Feeling battered and emotionally bruised by bleak TV dystopias and even bleaker world news? Good Omens is your shelter in the storm, and inside it’s warm, cozy, camp, and kind. Neil Gaiman has adapted his own 1990 book, cowritten with Terry Pratchett, which follows an angel (Michael Sheen) and a demon (David Tennant) trying to stop Armageddon. The six-part event series gives fans exactly what they dreamed of from such a fusion of cast and crew. Silly stuff with Cold War overtones, extreme whimsy, and gruff British wit.

Filthy, foul, and full of heart, this modern romance is less about love than it is the moments that test it. While on a business trip to London, American alcoholic Rob Norris (Rob Delaney) knocks up Irish school teacher Sharon Morris (Sharon Horgan). He moves to the UK, and they attempt life together—something they fail at often across four seasons. Catastrophe veers between hilarious and painful, with Delaney’s gruff anger and Horgan’s brilliant viciousness tripping up their personal and professional lives. Prepare to envy Horgan’s brutal one-liners as much as her wardrobe. Costars often steal the show, notably broken couple Ashley Jensen and Mark Bonnar, as well as Carrie Fisher in her last television role.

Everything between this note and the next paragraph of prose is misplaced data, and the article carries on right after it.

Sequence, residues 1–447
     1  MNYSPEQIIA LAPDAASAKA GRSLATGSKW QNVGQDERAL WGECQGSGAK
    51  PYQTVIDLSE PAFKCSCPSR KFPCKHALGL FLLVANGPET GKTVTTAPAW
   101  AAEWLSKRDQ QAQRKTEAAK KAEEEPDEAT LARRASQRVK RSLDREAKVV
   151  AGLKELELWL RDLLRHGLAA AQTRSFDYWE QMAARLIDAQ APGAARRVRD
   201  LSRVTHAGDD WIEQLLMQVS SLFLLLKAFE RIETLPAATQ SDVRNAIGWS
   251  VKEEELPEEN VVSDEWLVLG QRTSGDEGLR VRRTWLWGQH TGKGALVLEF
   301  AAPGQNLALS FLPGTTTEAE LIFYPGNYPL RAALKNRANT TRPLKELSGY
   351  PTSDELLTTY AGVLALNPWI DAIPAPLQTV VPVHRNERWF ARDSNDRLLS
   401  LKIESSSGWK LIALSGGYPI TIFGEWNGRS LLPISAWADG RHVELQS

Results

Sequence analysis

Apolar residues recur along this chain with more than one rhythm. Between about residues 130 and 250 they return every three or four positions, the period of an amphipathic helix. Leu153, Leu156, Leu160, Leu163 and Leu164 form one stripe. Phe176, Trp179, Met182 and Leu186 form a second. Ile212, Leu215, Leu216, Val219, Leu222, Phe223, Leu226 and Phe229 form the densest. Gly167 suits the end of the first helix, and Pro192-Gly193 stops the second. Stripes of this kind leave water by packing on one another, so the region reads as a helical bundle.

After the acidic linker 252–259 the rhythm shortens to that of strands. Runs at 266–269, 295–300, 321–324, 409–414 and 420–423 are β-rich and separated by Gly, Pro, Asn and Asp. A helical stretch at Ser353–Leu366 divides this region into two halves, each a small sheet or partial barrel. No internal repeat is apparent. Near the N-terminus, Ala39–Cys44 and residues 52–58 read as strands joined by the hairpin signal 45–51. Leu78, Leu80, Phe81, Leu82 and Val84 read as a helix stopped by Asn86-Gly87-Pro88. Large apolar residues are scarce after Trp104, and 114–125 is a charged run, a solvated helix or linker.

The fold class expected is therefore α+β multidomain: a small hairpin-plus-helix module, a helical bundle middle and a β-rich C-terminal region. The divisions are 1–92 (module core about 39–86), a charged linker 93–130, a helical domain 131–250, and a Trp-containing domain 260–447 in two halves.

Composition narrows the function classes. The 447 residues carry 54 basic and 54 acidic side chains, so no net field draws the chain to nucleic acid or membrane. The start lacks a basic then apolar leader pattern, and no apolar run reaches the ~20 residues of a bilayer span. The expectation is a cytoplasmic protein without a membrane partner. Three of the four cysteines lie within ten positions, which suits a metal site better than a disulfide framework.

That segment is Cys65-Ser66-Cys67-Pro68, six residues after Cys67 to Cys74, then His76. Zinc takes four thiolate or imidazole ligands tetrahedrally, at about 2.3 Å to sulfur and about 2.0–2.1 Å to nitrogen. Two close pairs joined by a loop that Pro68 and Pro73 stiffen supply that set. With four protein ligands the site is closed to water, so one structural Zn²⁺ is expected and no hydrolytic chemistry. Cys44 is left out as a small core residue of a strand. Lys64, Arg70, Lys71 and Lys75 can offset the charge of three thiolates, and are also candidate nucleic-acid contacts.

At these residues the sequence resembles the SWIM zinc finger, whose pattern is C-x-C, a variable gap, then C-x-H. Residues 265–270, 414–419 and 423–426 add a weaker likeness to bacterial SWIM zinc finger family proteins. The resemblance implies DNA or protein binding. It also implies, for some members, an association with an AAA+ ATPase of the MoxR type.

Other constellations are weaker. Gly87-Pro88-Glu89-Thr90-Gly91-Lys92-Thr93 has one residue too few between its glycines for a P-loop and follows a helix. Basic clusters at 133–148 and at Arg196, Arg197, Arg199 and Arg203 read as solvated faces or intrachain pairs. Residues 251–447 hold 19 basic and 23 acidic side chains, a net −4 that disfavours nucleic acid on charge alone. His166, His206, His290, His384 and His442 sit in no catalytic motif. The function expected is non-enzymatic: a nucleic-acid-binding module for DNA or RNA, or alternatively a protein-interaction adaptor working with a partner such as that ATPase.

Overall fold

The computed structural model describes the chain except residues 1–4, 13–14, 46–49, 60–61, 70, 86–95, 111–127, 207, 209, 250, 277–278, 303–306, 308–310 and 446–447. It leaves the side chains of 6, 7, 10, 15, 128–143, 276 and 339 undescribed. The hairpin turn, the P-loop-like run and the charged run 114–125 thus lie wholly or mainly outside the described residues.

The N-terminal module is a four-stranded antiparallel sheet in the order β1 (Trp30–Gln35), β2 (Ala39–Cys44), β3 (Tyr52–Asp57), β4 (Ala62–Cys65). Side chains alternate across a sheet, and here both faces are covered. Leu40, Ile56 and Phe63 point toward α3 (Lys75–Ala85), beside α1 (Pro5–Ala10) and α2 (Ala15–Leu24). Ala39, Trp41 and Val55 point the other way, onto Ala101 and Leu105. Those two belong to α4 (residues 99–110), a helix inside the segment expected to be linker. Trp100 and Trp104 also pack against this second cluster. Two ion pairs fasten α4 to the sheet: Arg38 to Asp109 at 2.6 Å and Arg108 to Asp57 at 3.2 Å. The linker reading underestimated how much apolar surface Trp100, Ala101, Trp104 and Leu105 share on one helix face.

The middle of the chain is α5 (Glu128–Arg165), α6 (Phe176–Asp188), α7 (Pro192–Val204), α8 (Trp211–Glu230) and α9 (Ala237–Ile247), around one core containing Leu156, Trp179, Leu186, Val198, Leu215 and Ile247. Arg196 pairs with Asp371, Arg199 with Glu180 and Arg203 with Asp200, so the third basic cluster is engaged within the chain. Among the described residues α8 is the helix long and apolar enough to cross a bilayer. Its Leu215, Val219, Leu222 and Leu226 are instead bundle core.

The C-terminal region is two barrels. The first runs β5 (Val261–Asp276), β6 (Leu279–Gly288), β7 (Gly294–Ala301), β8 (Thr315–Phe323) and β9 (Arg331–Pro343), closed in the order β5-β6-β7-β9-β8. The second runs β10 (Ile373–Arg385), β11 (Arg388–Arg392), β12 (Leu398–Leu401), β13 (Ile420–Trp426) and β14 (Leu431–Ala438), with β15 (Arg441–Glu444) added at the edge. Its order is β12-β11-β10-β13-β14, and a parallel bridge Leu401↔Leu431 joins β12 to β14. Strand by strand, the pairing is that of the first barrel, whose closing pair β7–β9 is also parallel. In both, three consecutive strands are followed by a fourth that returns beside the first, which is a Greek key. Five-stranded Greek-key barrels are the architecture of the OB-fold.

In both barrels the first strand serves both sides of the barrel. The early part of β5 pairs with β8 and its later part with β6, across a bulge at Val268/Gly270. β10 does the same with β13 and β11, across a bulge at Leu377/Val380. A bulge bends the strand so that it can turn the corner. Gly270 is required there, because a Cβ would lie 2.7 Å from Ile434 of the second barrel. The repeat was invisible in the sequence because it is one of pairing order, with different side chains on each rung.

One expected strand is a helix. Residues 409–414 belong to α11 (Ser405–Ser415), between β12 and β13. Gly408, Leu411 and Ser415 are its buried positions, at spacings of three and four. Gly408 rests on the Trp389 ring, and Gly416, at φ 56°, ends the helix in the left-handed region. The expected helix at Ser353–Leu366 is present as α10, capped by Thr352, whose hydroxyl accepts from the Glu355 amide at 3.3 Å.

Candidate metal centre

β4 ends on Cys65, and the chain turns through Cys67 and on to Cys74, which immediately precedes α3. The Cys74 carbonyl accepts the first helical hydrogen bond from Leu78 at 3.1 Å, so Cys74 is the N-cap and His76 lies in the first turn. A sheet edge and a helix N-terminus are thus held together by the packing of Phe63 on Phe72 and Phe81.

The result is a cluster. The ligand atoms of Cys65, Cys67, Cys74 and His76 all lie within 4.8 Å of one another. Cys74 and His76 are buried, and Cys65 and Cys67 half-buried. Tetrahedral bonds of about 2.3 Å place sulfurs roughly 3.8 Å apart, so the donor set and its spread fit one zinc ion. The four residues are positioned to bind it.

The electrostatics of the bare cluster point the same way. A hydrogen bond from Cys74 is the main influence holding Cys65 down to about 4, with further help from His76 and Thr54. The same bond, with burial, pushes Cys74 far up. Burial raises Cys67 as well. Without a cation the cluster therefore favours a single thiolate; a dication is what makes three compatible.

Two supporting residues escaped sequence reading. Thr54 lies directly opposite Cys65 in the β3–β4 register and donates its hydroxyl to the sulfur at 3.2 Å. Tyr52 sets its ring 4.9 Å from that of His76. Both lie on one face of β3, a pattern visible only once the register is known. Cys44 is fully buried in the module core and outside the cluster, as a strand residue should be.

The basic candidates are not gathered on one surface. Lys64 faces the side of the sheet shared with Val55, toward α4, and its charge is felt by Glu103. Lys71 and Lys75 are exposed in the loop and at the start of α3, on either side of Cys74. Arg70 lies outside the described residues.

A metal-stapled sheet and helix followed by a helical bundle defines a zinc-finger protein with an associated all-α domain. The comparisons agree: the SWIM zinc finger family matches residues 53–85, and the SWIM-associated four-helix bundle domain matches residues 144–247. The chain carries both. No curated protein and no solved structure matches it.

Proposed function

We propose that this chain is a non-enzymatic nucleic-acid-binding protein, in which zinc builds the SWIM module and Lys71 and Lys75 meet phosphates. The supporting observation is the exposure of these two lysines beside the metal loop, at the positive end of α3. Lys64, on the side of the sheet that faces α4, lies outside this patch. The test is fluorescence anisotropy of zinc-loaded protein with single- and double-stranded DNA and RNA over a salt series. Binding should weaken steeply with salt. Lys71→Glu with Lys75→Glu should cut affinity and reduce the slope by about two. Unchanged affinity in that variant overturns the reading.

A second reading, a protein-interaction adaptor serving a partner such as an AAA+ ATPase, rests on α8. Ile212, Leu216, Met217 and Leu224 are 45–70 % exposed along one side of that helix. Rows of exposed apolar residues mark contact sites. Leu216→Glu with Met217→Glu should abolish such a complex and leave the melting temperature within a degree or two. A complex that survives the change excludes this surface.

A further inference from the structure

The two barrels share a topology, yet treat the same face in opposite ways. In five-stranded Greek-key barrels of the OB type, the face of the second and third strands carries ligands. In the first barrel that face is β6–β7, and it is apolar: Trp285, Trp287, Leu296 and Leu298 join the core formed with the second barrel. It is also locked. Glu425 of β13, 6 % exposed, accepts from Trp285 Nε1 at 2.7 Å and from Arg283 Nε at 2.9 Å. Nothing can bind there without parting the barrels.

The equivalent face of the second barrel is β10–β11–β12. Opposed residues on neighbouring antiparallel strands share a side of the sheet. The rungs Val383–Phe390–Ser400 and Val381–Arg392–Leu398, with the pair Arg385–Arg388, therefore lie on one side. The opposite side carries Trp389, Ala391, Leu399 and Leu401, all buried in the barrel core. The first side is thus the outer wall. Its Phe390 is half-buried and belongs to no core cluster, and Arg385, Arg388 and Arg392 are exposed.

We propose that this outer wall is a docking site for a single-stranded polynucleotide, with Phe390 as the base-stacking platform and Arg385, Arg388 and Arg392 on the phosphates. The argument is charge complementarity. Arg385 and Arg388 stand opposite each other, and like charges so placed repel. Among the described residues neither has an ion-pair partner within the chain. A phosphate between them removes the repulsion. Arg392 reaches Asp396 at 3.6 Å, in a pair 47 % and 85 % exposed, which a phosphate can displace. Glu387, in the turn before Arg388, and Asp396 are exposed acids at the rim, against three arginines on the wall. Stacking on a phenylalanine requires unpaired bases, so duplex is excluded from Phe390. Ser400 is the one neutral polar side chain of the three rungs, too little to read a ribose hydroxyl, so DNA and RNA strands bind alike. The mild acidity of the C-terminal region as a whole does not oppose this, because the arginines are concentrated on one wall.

The Night Manager

This six-part drama based on a novel by John Le Carre earns the accolade “all-star cast.” Tom Hiddleston is in James Bond audition mode as a hotel manager who volunteers to take down Hugh Laurie’s scheming arms dealer, Richard “Dickie” Roper, while Olivia Colman plays Hiddleston’s security service handler, Angela Burr, the moral center of the story.


You’ll know within the first episode if you’re into this slow, stylized miniseries from Parks & Recreation/Master of None alums Alan Yang and Matt Hubbard. It’s part high-concept TV, part uncomfortable marriage drama with a side helping of shtick from the two outrageously talented leads, Maya Rudolph and Fred Armisen. It might make you impatient at times, but Forever will stick with you once you’ve watched the finale.

Sneaky Pete

Just released from prison, Marius (Giovanni Ribisi) steals the identity of his former cellmate Pete Murphy in order to hide from the dangers of his old life. On the run from a vicious debtor played by Bryan Cranston (who also jointly created the show), Marius nestles into Pete’s motley crew of estranged family, who are delighted to be reunited with their long-lost relative–and enters waters just as shark-infested as those from which he’s come. Over the course of three seasons, Sneaky Pete proves itself one of the finest dramas Amazon has produced yet.

Mr. Robot